As you can see from the photos above & below, Katrina changed Dauphin Island forever and left it with a 1.2 mile wide cut through the west end that now has a five foot channel.
Saturday, I visited the west end with my friend and professional land surveyor,Greg Spies. It was a powerful experience to stand where every stick of lumber on each of over 180 homes was completely wiped off the face of the Earth and as many as 600 others homes damaged,some to the point of condemnation.
Every day will bring change.
If ever in your life you ever tried to live from day to day, DO IT NOW!
Katrina has changed us forever and all progress from now on should be recognized each and every day.
My friend Greg Spies took time to record some of his memories of Katrina for "TURNING POINTS", the newsletter of the Alabama Society of Professional Land Surveyors http://aspls.org/
I heard these stories back in the middle of October and I am happy that Greg shared them with us this week.
In fact, back in the middle of October, my son, Christopher, & I were the first ones to take Greg's newly recovered 1977 14 ft. STAUTER
out on Portersville Bay over to Isle Aux Herbes (Coffee Island) and Pointe Aux Pines (Point of Pines) http://www.dcnr.state.al.us/public-lands/stateLands/foreverWild/FWTracts/Grand%20Bay%20Savanna%20Addition/
, then up to see the crowded harbor of Bayou La Batre, and finally past Coden Bayou along the loop over to Fowl River.
December 17, last Saturday night, I had the opportunity to help cook a pretty good meal in Greg and Collette's FEMA trailer there at the foot of the bridge in Coden. The po' little gas stove can barely get hot enough to cook french fries in a skillet. We boiled the shrimp on a fish cooker[They're catching 9 and 12 count head-on @ $4 a pound this week] and grilled the red snapper in an open smoker.
I am really gonna enjoy putting Greg's Katrina stories out on the Web!2515 BIENVILLE
[suddenly at 10:51 P.M., I realized I could never type Greg's entire article because the S.O.B. is so busy he can't shoot it to me in Word but I decided i could type the first part.]
While surveying Lots 7-10 in Rolston's Addition to Coden (circa 1910) a few weeks after Katrina, I was carefully avoiding stepping on upturned nails in a debris field of shattered houses strewn in the woods just north of Portersville Bay. Incidently, this subdivision is located about 0.7 mile from my house on Bayou Coden.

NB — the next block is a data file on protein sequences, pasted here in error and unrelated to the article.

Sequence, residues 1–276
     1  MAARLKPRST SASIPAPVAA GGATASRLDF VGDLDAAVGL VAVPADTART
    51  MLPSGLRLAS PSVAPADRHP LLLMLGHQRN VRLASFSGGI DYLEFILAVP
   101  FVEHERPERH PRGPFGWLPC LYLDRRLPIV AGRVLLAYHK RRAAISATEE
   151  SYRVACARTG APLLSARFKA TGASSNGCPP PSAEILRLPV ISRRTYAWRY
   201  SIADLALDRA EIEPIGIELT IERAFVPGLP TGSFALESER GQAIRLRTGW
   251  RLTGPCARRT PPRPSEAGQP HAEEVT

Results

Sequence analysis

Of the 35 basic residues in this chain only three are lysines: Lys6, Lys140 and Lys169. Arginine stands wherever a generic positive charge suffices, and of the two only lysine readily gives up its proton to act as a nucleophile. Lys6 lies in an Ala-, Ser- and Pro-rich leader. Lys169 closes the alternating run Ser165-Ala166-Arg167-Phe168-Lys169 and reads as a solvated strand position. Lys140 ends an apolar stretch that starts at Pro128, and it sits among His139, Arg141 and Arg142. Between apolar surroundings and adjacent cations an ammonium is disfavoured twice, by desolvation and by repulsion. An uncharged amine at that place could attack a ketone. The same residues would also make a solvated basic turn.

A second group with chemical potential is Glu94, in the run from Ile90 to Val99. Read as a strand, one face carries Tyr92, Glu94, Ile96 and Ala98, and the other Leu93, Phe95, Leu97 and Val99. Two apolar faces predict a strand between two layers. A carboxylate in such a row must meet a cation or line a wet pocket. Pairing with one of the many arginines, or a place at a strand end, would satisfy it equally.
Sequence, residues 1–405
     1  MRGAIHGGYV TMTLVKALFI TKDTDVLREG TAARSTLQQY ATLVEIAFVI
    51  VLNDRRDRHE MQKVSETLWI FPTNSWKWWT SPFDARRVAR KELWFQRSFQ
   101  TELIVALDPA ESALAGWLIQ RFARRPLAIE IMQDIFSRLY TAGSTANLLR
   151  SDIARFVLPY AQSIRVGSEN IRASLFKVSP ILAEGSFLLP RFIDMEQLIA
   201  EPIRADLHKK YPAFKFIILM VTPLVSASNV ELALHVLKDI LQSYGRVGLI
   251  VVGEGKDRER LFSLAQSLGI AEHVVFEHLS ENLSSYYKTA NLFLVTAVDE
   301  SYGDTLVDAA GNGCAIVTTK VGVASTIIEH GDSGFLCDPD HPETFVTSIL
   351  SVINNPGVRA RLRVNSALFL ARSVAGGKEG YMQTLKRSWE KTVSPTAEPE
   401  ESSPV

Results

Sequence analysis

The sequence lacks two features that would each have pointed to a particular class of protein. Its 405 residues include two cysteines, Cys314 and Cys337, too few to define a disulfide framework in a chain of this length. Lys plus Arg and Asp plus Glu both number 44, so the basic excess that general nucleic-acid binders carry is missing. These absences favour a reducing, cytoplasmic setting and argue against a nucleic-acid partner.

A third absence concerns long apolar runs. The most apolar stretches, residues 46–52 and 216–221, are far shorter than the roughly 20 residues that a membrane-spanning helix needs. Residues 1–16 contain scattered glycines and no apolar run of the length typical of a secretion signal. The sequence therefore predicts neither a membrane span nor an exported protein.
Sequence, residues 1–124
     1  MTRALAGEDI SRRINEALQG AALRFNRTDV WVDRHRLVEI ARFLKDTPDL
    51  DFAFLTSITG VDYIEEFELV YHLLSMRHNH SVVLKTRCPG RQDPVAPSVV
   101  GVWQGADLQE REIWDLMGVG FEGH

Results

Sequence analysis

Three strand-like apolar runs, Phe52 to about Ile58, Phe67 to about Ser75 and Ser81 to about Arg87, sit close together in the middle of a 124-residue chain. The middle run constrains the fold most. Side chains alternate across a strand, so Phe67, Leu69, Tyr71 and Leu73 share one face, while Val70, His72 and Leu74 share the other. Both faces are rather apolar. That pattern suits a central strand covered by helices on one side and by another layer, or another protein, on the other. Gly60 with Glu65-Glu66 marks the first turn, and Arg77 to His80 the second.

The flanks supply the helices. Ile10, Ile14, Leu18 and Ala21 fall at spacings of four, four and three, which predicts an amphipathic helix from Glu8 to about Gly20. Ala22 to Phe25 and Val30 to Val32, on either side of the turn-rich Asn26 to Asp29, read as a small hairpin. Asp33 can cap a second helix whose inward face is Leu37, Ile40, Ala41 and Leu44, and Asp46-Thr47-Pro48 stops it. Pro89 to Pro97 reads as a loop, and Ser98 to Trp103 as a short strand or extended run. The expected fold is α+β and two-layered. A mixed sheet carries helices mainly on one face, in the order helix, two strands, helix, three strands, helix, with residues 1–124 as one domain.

I noticed a 1 X 10 board that had been painted white about three feet long covered with sea weed and marsh grass. I flipped the board over with my boot and scraped off the flotsam. Routed into the other side was the number 2515. Obviously someone in the past had taken the old board and made it into an address sign. I flipped it back over and proceded in search of lot corners. As I stumbled through the debris field, the number 2515 stuck in my mind. 2515?
All the roads and streets in Coden were 12000 this and 8700 that. There were no addresses with a 2000 number that I could recall. Then it dawned on me. 2515 Bienville Blvd. on the West end of Dauphin Island- last fall I had surveyed a lot just to the west of 2515 Bienville.
The debris field took on a new character.
The beach house that had been on Dauphin Island was scattered through the woods in Coden. I picked up a photograph lying amidst the broken joists and trusses. A Father and two sons were proudly holding up the catch of the day.
I later calculated how far the broken beach house had traveled with Katrina's wind and surge. 2515 Bienville had made it 9.3 miles across the Mississippi Sound on a heading of N 24 degrees W before disintegrating into Rolston's Addition to Coden.
GREG SPIESA new city is emerging along the I-12 corridor between Slidell and Covington. Pay attention to this development. I predict that the building of this new city north of Lake Ponchartrain is far more important than anything anyone will ever accomplish in the sad ruins of old New Orleans.Sales tax collections soar in St. Tammanyhttp://www.wwltv.com/local/northshore/stories/WWL120905reloc.11b8e36c.html
Influx of new residents, delayed collections cited
03:41 PM CST on Friday, December 9, 2005
The relocation of many New Orleans, St. Bernard and Plaquemines residents to the Northshore has provided a windfall in sales tax collections for St. Tammany Parish.
The St. Tammany Parish Sheriff’s Office said tax collections in Slidell were up nearly 50 percent in October over the same month a year ago. Mandeville’s take increased 47.66 percent and Covington’s was up 53.86 percent.
Areas of unincorporated St. Tammany had sales tax collections soar 80.59 percent.
Officials said that in addition to the increased population, some of the increase was due to delayed sales tax collections in August and September.
“With the influx of new residents in our area, we fully expect to see slight increases in tax revenues that will be the foundation for a better, brighter St. Tammany Parish,” said Sheriff Jack Strain.Lawmaker says Louisiana changed forever
Southeast and Southwest Louisiana are changed forever due to the devastation brought about by hurricanes Katrina and Rita, state Sen. Ben Nevers of Bogalusa said Wednesday.
Some areas of the state have been thrust forward 10 years
into the future in terms of population growth, economic opportunity and stress on local infrastructure.For example, the population of St. Tammany Parish increased by more than 100,000 people in just a few weeks, he said.
The population of Tangipahoa Parish has grown considerably. Some of that increased population will be retained by both parishes and will create the requirement for infrastructure that may not have been needed for another five to 10 years.
Other areas have been thrust backwards, maybe not just a decade or so, but possibly forever. Cameron and St. Bernard parishes were devastated, he said.